Psychological 'Magic'

Discussion in 'General Discussion' started by David Brooke, Feb 24, 2017.

  1. Does anyone know any routines that are based mostly on psychology? I'm not entirely sure of what you would call it, so I don't really know any search terms to use.

    I sometimes like the risk factor, and genuine thrill of getting a psychological trick right.

    By this, I mean things like that trick where you make someone think of a triangle in a rectangle, or a circle in a triangle.
     
  2. yes i know some routines that are based mostly on psychology.
     
  3. Is there any chance you could share the names of them?
     
  4. You can't go wrong with Banachek's 'Psychological Subtleties' series of books. They're basically all psychological methods for mentalism.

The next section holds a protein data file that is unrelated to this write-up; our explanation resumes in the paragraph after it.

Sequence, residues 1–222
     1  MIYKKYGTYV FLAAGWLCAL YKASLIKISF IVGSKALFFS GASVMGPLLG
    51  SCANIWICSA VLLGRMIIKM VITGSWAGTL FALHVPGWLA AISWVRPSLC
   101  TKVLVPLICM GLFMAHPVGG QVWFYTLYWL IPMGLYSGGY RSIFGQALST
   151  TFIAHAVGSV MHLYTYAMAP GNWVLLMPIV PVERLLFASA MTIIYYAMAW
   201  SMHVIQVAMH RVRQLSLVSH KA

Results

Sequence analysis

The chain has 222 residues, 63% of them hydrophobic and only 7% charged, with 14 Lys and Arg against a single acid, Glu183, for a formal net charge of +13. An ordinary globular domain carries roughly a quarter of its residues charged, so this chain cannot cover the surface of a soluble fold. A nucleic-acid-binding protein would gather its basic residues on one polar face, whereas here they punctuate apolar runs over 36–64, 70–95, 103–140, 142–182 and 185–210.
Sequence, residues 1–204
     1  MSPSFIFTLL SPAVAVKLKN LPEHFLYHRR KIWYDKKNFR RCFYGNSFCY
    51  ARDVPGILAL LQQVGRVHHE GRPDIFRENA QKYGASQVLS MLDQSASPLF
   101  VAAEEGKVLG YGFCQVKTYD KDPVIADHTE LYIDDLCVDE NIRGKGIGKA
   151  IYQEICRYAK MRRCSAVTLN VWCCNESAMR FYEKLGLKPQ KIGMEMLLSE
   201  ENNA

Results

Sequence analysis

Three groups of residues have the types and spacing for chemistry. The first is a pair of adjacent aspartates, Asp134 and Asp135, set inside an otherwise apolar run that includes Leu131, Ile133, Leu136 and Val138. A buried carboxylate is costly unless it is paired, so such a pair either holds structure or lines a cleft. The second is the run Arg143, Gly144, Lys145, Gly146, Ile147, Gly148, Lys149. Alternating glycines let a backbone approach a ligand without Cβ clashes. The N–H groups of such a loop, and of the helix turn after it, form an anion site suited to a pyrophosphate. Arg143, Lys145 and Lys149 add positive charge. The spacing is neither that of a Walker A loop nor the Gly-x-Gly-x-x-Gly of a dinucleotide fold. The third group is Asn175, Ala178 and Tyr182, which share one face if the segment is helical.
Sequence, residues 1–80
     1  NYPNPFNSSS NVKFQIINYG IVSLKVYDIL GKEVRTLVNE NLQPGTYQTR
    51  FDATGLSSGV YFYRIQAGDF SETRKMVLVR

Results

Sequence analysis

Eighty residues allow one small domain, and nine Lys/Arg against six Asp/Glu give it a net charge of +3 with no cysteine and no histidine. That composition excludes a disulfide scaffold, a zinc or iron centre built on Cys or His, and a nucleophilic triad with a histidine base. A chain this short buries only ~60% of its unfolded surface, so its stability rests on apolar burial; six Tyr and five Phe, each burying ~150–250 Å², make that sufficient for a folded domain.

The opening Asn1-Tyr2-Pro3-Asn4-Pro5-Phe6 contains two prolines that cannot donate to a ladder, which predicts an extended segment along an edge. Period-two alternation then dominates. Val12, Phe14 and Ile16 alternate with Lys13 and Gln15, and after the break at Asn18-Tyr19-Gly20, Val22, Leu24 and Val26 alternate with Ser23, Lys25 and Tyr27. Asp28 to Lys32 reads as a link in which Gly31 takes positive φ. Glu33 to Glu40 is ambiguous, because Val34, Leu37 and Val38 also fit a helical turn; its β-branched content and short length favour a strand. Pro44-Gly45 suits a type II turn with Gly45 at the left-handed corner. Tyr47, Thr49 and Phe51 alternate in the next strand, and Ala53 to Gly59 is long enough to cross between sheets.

Rev
     
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  5. Psychological Subtleties has kind of been misinterpreted I think. It's meant to be, as the title suggests, ways to enhance psychologically based performances, ie: subtleties. A lot of people took some of his things meant to be just subtle additions to routines and treated them as routines themselves. They are great books, though, and I do recommend them.

    This is actually a tricky thing to answer. You might as well be asking, "Does anyone know any routines that use a double lift?" except it's even broader than that, since psychology plays into most routines. You seem to be looking for routines that work by psychological forces, though. There's a bunch out there as it is a fairly popular thing lately. Madison has a few in his book Psych (Which I think you need to get Anthology now, I'm not sure if it's for sale anywhere, but that book is worth it). Derren teaches a couple in Pure Effect (I think, or Absolute Magic), and then Peter Turner has a whole ebook on them I believe, one of his monthly series, and look for Fraser Parker and Ross Taylor's work as well.